Downton Abbey: A New Era – a movie review by Alex First

April 28, 2022 by Alex First
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Set in 1928, the matriarch of the Crawley family – The Dowager, Countess of Grantham (Maggie Smith) – may be in failing health, but she has lost none of her bite.

She stuns her son, Lord Robert Grantham (Hugh Bonneville), and other members of her extended family when she announces that she has inherited a villa in the south of France.

Further to that, she intends to bequeath the property to Lady Sybil and Tom Branson’s (Allen Leech) daughter Sybbie Branson (Fifi Hart).

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The origins of the gift back to an encounter Violet had with the owner, the Marquis de Montmirail, in 1875.

That French aristocrat has recently passed on and the fate of the villa is contained in his will.

His widow Madame De Montmirail (Nathalie Baye) is none too happy that she is not the beneficiary, although their son doesn’t seem put out by the decision and invites Lord Grantham and his entourage for a visit.

Meanwhile, a British film director, Jack Barber (Hugh Dancy), has put an offer to the family to pay for a month’s use of Downton Abbey to make a feature film.

Robert immediately turns it down but is convinced to do otherwise when it is pointed out that the Abbey is in desperate need of repairs and the money offered is sizeable.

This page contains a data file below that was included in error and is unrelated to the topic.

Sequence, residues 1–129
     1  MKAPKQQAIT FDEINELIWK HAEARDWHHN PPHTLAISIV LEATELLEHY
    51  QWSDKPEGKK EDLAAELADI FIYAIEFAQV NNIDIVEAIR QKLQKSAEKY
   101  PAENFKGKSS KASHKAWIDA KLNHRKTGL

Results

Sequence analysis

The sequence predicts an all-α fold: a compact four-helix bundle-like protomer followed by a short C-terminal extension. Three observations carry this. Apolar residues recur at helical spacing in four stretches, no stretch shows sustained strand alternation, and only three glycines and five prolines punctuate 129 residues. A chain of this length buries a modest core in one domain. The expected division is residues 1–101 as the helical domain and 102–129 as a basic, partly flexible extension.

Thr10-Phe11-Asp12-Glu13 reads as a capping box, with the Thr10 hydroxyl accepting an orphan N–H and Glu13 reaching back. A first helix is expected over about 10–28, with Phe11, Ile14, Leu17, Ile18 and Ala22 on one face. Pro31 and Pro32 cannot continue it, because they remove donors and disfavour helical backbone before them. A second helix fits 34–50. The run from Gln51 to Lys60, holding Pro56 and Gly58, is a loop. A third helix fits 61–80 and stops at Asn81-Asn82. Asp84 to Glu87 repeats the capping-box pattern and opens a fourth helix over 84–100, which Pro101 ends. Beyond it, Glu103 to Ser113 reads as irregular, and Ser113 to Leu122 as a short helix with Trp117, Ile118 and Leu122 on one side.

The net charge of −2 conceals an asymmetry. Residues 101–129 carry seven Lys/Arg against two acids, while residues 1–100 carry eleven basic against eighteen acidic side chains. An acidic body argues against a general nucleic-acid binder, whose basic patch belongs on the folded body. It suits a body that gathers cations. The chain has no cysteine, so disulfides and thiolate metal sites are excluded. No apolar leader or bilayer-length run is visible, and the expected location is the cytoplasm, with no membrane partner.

So, while half the family has made the pilgrimage to France, the other half and most of the help is making way for the arrival of the film’s cast and crew.

Among those under the stairs there is quite a deal of excitement at meeting the stars, but let’s just say all doesn’t go smoothly.

The female lead in the picture is hardly what anyone was expecting.

Downton Abbey: A New Era is a glorious looking charmer.

There is plenty to appreciate and savour even if you never watched the TV series and/or didn’t see the first film.

The writer remains Julian Fellowes, who created the television show that ran from 2010 to 2015 and wrote the first film that was released in 2019.

This time, direction is the work of Simon Curtis (Goodbye Christopher Robin)>

I loved the focus on the transition between the silent movie era and the advent of talkies.

In fact, the plot is beautifully crafted and played out, giving scope to the key and secondary players.

Maggie Smith delivers some choice lines with aplomb.

Michelle Dockery impresses as the measured and sensible lady of the house (Lady Mary Talbot) who finds a new calling.

Actually, there isn’t a bad turn here, even if some characters are given more to do and say than others.

That, of course, is always going to be the case with a large cast and expanding family (in this case with a surfeit of hired help).

The costuming is sumptuous and the decor and surroundings are to die for.

The picture has a delightful look and feel, which is the right mix of light and shade.

I enjoyed the original Downton Abbey movie and thought this was even better.

Downton Abbey: A New Era (PG) – 125 minutes 

Rated PG, it scores an 8 out of 10.


One Response to “Downton Abbey: A New Era – a movie review by Alex First”
  1. Adrian Jackson says:

    One of my favourite shows on TV.

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